Why Do We Need The Jackson API

Jackson API is a high-performance, feature-rich, open-source Java library for processing JSON. It can serialize or map Java objects to JSON and vice-versa. The Jackson Library includes three components: Jackson Databind, Core, and Annotation. Jackson Databind has inner dependencies on Jackson Core and Annotation.

Therefore, including Jackson Databind alone as a Maven dependency will include the other dependencies as well. Jackson contains a set of annotations that can be used to affect the reading and writing of Java objects from JSON.

Maven Dependency

To use Jackson Library Include this dependency in your maven project.


Jackson Annotations

Jackson library has several annotations, By Using these annotations in our framework we can achieve desired results. Let’s look at some of the popular annotations of Jackson Library.


This property is used to map JSON keys with the property name during serialization and deserialization. Suppose we have a variable named FolderId in our POJO class but the request and response objects have a different name as folderId. By default during serialization generated JSON key will map to the POJO field, so in this scenario, the JSON key will not find the suitable POJO field, and the script will fail.

To overcome this situation we can use @JsonProperty(value=”folderId”) to rename the field so that the JSON key will find the correct mapping in the POJO class.

JSON is:

    "name": "TestFoldernew",
    "description": "FolderDescription",

Corresponding POJO is:

import com.fasterxml.jackson.annotation.JsonProperty;
import com.fasterxml.jackson.annotation.JsonProperty.Access;
public class FolderCreation {
private Integer FolderId;
private String name;
private String description;

public CMSFolderCreation(Integer FolderId,String name,
		String description)


public Integer getFolderId() {
return FolderId;

public void setFolderId(Integer folderId) {
this.FolderId = folderId;

public String getName() {
return name;

public void setName(String name) {
this.name = name;

public String getDescription() {
return description;

public void setDescription(String description) {
this.description = description;

@JsonProperty is useful in various real-world situations while testing APIs. Suppose we are using the same model object for request and response and some fields can only be used in the request and some can only be required in response. To handle this scenario we can utilize @JsonProperty(access=Access.AccessTypes).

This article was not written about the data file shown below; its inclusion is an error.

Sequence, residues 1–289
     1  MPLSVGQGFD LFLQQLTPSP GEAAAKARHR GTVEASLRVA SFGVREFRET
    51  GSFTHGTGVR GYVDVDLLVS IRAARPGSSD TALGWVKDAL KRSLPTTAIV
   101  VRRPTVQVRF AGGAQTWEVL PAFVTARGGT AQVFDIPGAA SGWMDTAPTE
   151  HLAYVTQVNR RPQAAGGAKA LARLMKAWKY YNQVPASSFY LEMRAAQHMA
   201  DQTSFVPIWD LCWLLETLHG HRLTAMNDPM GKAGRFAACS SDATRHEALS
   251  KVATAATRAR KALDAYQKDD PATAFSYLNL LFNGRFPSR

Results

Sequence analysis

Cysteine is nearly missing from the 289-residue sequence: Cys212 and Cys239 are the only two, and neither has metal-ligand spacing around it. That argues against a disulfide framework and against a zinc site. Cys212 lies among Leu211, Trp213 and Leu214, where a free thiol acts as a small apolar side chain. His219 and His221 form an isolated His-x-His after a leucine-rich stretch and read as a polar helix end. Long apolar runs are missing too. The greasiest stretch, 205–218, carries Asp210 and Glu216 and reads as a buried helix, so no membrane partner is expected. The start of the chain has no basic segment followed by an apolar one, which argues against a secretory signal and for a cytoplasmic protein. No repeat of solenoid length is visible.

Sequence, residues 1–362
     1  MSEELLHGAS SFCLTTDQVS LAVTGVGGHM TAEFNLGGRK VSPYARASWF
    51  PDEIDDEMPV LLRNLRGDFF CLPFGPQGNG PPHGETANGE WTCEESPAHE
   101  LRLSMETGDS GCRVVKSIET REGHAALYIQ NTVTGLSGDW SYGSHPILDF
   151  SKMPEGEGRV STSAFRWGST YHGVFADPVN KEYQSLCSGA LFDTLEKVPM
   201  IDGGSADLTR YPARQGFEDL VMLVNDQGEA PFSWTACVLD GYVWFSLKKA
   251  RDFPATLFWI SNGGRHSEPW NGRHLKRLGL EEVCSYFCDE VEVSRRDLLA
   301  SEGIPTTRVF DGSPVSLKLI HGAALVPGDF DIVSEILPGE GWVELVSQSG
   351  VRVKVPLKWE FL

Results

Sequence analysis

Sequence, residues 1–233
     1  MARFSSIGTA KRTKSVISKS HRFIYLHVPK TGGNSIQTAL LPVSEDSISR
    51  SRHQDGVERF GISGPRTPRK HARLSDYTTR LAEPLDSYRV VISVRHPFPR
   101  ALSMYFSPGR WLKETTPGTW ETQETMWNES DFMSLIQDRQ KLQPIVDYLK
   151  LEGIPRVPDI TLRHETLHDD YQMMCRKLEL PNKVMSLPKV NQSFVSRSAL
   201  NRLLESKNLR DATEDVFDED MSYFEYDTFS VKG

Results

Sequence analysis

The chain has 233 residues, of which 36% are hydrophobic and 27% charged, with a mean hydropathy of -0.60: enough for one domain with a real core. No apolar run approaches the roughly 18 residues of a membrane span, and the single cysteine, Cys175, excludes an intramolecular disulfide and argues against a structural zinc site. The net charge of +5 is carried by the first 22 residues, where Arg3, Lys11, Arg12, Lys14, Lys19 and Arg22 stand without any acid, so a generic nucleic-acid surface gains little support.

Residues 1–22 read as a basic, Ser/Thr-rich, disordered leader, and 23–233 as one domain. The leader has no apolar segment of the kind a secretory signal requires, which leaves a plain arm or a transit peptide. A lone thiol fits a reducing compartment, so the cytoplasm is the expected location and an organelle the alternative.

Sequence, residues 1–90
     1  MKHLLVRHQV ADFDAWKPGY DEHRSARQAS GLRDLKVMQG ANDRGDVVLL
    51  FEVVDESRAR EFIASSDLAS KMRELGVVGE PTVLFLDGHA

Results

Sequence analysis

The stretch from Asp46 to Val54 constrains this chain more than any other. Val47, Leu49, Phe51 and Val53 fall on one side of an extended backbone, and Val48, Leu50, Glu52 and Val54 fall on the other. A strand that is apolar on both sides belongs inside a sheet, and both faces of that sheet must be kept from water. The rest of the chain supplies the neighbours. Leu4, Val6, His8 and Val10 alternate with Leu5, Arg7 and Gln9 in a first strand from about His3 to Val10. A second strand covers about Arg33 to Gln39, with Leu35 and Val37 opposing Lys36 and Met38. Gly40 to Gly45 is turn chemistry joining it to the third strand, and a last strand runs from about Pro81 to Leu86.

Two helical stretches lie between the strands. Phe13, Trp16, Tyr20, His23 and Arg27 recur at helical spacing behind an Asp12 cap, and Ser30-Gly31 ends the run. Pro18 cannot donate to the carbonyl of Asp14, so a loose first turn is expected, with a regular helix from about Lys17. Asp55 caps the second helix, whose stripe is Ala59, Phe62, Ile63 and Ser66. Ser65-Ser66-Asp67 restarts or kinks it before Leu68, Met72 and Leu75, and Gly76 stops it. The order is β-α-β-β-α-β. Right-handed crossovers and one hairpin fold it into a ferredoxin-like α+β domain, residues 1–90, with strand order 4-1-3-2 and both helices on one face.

Fields that are annotated with @JsonProperty(access=Access.WRITE_ONLY) will only be set for deserialization(JSON to POJO object), and if we use @JsonProperty(access=Access.READ_ONLY) then fields will be read during serialization(POJO to JSON) but not written (set) during deserialization.


This annotation is used to ignore the list of properties at the class level.

@JsonIgnoreProperties({"name", "description"})
public class FolderCreation {
private Integer FolderId;
private String name;
private String description;

At the time of serialization and deserialization mentioned properties will be ignored. Response JSON will be like {“FolderId”:12}.

This property is very useful in case unknown properties are added to the JSON. Suppose a few new fields were added to the JSON and QA was not notified of the changes, at the time of execution script will throw UnrecognizedPropertyException while parsing JSON because the POJO class does not have those fields.

To overcome this situation we can annotate our class with @JsonIgnoreProperties(ignoreUnknown=true). By using this any unknown property for which we don’t have the corresponding mapping in the POJO will be ignored.


JsonPropertOrder allows the user to order the elements of the object in an orderly fashion as per the requirement. For example, we want certain orders to be followed during serialization and deserialization.

We can achieve this as mentioned below:

public class CMSFolderCreation {


Response JSON:

     "folderId": 0
    "description": "FolderDescription",
    "name": "TestFolder",

Payload is in the orderly fashion as annotated by the @JsonpropertyOrder and the fields which were not annotated come in the end.


This property is very useful at the time of serialization of the POJO object to JSON. It says that if the property value is null or empty then skip it. For example:

public class User {
    public String firstName = "JANE";
    public String middleName;
    public String lastName = "Doe";

Then without @JsonInclude annotation output will be

{"firstName":"Jane", "middleName":null, "lastName":"Doe"}

but if we annotate the middle name field with @JsonInclude(Include.NON_EMPTY) then the response would be much cleaner.


Jackson API has several other annotations available which can be utilized as per the requirement. It provides a high-level facade to simplify commonly used use cases. It is easy to use and requires a low memory footprint and provides clean and compact JSON results which are easy to understand.

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